As a kid, Clue was our family go-to come holiday seasons. It’s just what we did, and I think for the most part, we all enjoyed it quite a bit. The board game definitely has a place in my heart. And IDW’s new book seems as though it may quickly win real estate there, as well.
My faith in Marvel Comics has been plummeting for years. Just the same, the publisher plays host to one of my favorite superheroes in existence: Spider-Man. Amazing always had me hooked, and both Spectacular and Web of were also mighty fine books. But I’ve been away from the character for a long time, and returning, I noticed that there are a number of new and different books out there, so I ended up with a few issues of Ultimate Spider-Man.
The Vulturions aren’t exactly marquee menaces in Spider-Man’s world. They’re actually two-bit hooligans who joined forces to claim power and riches after their eventual leader, Honcho duped an imprisoned Adrian Toomes (better known as The Vulture) into spilling the technical secrets of his by-now infamous wings. When Honcho gets out of the slammer, he does so fully prepared to assemble four pair of wings, one for he and the thugs in his crew.
Anno Dracula was an enormous success for author Kim Newman, and now Newman, with the help of artist Paul McCaffrey and Titan Comics will attack a new medium.
As a big Elvira fan, and an enormous fan of genre comics, I can’t begin to make you understand how much I adore Elvira’s House of Mystery. It’s an awesome mix of the two, and while some may deem the book’s content a little watered down, it still manages to entertain (hello, there’s a shout out to the original House of Mystery’s host, Cain – tell me that ain’t awesome!) on a respectable scale.
With Johnny Blaze’s origin story out of the way (see Marvel Spotlight), Marvel opens up and gifts the spirit of vengeance his very own book, and it’s a winner through and through. Released way back in September of 1973, Ghost Rider was one of the more popular horror titles post-code for Marvel Comics, who’d been hot and cold with genre titles for years thanks to the lunacy of the Comics Code. But the code’s stranglehold continued to loosen sometime around 1970 and Marvel got right down to introducing all sorts of killer monster books. While there are a few vintage titles I love, none had the staying power (or sales) of Ghost Rider, who remains a hot commodity today.
The second volume of The Flash opens on an interesting note. Barry Allen is no longer the man in the crimson suit. It’s Wally west who dons the duds now. That means Kid Flash has been upgraded to the Flash, a result of Barry’s unfortunate passing.
Ghostbusters International starts on a slow note, as they make the typical entity wrangling before being approached by the absurdly wealthy Erland Vinter, who has some plans for the gang. While we don’t receive too much in the way of details (that’s to come in issue number two, no doubt), we do get the very obvious idea that our loveable paranormal squashers won’t be hanging around New York for this specific assignment.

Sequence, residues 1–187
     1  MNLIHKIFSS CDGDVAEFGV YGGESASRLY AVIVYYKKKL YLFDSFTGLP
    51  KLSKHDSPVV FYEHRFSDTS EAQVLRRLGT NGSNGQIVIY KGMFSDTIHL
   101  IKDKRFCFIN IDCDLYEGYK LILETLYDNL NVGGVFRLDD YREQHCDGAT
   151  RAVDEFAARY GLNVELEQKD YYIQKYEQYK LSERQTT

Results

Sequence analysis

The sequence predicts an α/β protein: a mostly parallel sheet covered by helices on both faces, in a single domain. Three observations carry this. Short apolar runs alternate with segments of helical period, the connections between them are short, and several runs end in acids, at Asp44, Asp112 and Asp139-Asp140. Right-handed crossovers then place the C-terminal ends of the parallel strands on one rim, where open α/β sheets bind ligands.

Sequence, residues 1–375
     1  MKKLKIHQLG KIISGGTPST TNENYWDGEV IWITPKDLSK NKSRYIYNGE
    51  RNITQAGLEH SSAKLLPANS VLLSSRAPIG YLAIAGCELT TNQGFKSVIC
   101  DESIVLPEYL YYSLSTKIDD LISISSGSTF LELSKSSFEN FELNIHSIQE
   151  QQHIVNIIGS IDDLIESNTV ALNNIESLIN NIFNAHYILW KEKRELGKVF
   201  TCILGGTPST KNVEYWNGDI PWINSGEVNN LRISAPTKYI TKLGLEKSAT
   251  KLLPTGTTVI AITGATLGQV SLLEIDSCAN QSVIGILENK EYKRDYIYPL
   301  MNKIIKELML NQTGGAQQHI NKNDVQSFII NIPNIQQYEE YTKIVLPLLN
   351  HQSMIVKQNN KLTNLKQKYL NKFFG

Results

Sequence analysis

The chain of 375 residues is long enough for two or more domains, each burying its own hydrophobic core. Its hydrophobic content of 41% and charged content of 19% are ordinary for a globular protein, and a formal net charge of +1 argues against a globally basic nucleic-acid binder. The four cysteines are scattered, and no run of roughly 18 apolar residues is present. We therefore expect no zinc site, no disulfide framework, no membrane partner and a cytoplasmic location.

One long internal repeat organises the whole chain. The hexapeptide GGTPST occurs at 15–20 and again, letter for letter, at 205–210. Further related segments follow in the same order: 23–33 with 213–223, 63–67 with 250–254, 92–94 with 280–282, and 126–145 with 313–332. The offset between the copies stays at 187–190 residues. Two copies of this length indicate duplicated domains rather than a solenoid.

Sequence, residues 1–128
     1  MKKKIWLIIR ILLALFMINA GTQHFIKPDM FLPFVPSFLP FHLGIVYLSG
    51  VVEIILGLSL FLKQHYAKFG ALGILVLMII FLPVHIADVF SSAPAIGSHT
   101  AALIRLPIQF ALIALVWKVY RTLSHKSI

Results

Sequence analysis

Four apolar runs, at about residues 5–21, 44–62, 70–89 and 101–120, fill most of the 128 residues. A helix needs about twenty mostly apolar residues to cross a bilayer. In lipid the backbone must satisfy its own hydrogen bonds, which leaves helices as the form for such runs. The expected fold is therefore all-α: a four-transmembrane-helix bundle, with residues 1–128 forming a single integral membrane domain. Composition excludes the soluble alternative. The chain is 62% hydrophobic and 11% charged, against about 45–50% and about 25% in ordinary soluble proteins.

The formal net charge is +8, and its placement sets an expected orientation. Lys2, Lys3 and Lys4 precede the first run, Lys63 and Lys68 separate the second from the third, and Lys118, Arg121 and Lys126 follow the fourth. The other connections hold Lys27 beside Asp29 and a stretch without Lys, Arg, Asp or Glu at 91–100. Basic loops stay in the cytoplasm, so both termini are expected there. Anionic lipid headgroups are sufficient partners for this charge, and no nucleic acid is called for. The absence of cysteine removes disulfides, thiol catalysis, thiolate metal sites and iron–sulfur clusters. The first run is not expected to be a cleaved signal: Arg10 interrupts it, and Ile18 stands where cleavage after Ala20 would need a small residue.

This is a fine opener, and writer Erik Burnham keeps the feel and continuity of recent stories intact. Picking this book up it feels as though we haven’t missed a beat, which is good news for hardcore Ghostbusters fans. Burnham also garners praise for keeping each of the Ghostbusters’ personalities very true to Ivan Reitman’s original source feature. You’ve got to love that.
As for the artwork, fear not – Dan Schoening brings his trademark style to the book, keeping the look of our protagonists clean yet simple. No pencil stroke is wasted by Schoening. All in all, the book looks great, and what we see in regards to villains is standout stuff.
Ghostbusters always have and always will entertain me. There are only so many paths these gentlemen can travel, but there’s clearly still room for expansions, as the numerous GB titles out there haven’t grown stale yet. With a brand new Ghostbusters reboot headed to the big screen soon, it doesn’t look as though this paranormal balloon will be deflating any time soon.
This is solid work that comes recommended. Order it here.
Ted McKeever’s got an interesting style. He’s also got a book on his hands that has the potential to go down in history as one of the finer creations of the comic world. Pencil Head is dark and satirical, jaded to the core but lively on all fronts. It’s interesting to say the least, and any living soul on Mother Earth who is beyond fed up with their boss, their working conditions or the mundane manner so many lives take on, Pencil Head is most certainly for you.
The story focuses on Poodwaddle, a frustrated creator of comics. He lives something of a lonely life, he’s sick and tired of his publisher attempting to take creative control over his work, often pushing it in a direction he can’t begin to agree with. But Poodwaddle meets with an old friend, Luthais, in the biz, and that friend offers him a chance to write something that leaves him feeling fulfilled.
Between his professional problems and the sudden appearance of one of his very own creations, now come to life to haunt the man, he definitely needs the change. He needs some normalcy in his life, and he may just be on the cusp of obtaining it, if he can pull himself together and move forward.
McKeever’s harsh outlook on life is genius and sadly, somewhat realistic. He’s created a couple of characters that are going to resonate in the mind of readers. These players are crude yet hilarious and this book stands to head in the direction of cult status. Pencil Head won’t work for everyone, but those who do find pleasure in reading this are likely to remain onboard as long as McKeever’s willing to extend us more greatness.
I simply cannot begin to recommend this book enough. It’s amazing!